AI: Kids’ Autism Detectives Unlocking Mysteries

• A multi-institutional Korean team has used artificial intelligence (AI) to accurately diagnose autism in children.
• The AI system was trained to recognize patterns in retinal images of children with autism, and was able to identify all cases of the disorder with no false positives in a sample of 958 children.
• The system also attempted to estimate where those diagnosed with autism fell on the spectrum, but accuracy rates for this task were lower (48% to 66%).

Researchers including child and adolescent psychologists, behavioral scientists, ophthalmologists and biomedical systems informatics specialists worked together to develop a deep-learning-based AI system for diagnosing autism in children. Their study, published in JAMA Network Open, used this AI to analyze patterns in the retinas of children with autism.

Autism, known formally as autism spectrum disorder, is a neurodevelopmental disorder characterized by difficulties with communication, social interaction, and often repetitive movements. Prior studies have suggested autism affects as many as 1 in 36 people. Early diagnosis of the disorder is crucial as it can greatly assist in overcoming the problems many autistic individuals experience.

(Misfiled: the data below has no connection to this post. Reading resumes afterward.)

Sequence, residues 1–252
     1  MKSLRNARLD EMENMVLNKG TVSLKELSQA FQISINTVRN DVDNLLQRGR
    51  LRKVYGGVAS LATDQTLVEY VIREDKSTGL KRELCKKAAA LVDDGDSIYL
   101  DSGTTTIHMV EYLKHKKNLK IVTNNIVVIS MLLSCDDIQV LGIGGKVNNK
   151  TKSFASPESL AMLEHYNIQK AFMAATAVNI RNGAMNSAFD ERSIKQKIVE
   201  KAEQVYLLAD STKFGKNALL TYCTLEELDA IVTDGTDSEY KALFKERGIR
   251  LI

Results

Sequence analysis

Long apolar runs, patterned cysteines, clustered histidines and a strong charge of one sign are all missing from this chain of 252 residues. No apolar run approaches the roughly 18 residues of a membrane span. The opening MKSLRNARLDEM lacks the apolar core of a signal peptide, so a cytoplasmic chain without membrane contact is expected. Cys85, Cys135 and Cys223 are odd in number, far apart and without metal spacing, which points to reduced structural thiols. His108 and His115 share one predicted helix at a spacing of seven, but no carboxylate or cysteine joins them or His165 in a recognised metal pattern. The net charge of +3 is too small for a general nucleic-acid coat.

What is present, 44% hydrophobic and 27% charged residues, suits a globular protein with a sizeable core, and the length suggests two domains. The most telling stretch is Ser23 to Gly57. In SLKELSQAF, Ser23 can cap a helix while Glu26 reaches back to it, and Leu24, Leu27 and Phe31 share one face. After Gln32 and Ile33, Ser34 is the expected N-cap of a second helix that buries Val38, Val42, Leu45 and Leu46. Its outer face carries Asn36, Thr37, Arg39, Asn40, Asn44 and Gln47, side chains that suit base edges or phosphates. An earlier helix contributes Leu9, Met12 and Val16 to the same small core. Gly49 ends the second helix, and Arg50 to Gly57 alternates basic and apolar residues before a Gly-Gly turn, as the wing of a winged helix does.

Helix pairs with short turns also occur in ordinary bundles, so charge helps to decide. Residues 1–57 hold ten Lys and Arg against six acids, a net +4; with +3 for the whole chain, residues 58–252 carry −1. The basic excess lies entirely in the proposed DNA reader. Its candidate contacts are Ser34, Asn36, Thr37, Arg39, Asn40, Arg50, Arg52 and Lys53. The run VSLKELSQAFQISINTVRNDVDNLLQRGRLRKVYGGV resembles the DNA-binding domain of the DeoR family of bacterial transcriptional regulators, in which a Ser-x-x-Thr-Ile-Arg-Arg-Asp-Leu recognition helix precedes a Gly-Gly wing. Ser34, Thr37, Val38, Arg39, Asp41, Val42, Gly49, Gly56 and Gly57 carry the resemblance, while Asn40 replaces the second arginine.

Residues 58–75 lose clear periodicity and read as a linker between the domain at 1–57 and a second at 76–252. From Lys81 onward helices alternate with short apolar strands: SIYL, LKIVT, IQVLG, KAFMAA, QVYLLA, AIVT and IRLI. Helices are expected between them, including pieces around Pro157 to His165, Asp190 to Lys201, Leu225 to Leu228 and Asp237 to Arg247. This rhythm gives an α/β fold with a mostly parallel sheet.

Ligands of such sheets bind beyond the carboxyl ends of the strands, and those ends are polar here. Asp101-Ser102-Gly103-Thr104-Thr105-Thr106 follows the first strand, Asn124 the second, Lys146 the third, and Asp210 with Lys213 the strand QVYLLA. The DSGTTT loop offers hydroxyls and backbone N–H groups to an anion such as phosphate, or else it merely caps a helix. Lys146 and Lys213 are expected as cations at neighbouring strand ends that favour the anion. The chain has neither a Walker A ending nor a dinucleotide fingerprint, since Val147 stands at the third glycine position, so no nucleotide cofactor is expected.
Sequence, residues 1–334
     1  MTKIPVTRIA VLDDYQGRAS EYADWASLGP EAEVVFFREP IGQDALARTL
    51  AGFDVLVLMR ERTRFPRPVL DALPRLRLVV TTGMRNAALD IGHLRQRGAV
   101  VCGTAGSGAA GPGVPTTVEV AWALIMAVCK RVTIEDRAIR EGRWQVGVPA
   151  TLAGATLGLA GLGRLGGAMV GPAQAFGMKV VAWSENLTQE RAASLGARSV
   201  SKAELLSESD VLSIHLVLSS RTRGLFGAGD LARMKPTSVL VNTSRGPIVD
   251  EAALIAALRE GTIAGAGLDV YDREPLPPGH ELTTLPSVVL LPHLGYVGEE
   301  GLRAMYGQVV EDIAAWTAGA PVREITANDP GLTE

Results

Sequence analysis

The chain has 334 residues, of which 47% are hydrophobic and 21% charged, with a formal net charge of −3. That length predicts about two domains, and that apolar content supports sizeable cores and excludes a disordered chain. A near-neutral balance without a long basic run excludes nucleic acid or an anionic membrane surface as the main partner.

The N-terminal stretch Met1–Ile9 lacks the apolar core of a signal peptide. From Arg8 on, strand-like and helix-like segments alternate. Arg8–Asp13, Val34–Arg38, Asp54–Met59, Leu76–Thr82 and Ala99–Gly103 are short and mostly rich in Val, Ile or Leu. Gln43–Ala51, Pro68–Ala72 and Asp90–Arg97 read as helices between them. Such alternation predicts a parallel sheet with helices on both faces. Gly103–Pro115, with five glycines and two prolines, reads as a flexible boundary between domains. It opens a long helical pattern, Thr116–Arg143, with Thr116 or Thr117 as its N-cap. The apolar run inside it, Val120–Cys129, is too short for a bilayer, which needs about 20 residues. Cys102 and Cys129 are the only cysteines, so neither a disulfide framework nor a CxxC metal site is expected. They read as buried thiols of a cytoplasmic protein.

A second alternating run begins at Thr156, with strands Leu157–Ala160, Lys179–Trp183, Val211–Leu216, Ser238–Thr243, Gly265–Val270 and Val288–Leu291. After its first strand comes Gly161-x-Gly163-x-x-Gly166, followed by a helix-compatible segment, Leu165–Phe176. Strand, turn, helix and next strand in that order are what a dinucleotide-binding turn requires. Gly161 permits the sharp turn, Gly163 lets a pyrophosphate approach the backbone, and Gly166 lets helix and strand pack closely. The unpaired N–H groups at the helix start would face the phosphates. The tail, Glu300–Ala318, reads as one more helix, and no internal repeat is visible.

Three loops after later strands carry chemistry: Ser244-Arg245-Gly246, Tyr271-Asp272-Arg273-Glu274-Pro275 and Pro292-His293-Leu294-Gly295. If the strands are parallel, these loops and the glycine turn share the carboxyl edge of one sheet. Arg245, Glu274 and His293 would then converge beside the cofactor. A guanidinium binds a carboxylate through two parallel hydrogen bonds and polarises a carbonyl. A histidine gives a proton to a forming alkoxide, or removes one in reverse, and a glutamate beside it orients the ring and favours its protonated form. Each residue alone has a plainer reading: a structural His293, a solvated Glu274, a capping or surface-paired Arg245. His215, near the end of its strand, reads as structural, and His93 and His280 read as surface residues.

Building on previous research that hinted at minor retinal abnormalities in individuals with brain disorders such as ADHD, the researchers taught their AI to recognize similar patterns in the retinas of children with autism. The system was then used to scan retinal images of 958 children, half of whom had been diagnosed with autism. Impressively, the AI was able to accurately identify all the children with autism, producing no false positives.

The system also attempted to assign a numerical score to estimate where on the autism spectrum a diagnosed child might fall. This task proved more challenging, with accuracy rates ranging from 48% to 66%, when compared to standardized tests like the Autism Diagnostic Observation Schedule—Second Edition.

In the study, the children involved ranged from ages 4 to 18. Whether the AI system would be as accurate with younger children remains uncertain, as the retina does not fully develop until around age 4. However, the team is planning further experiments to explore this question.

More information can be found in the journal article: Jae Han Kim et al, Development of Deep Ensembles to Screen for Autism and Symptom Severity Using Retinal Photographs, JAMA Network Open (2023). DOI: 10.1001/jamanetworkopen.2023.47692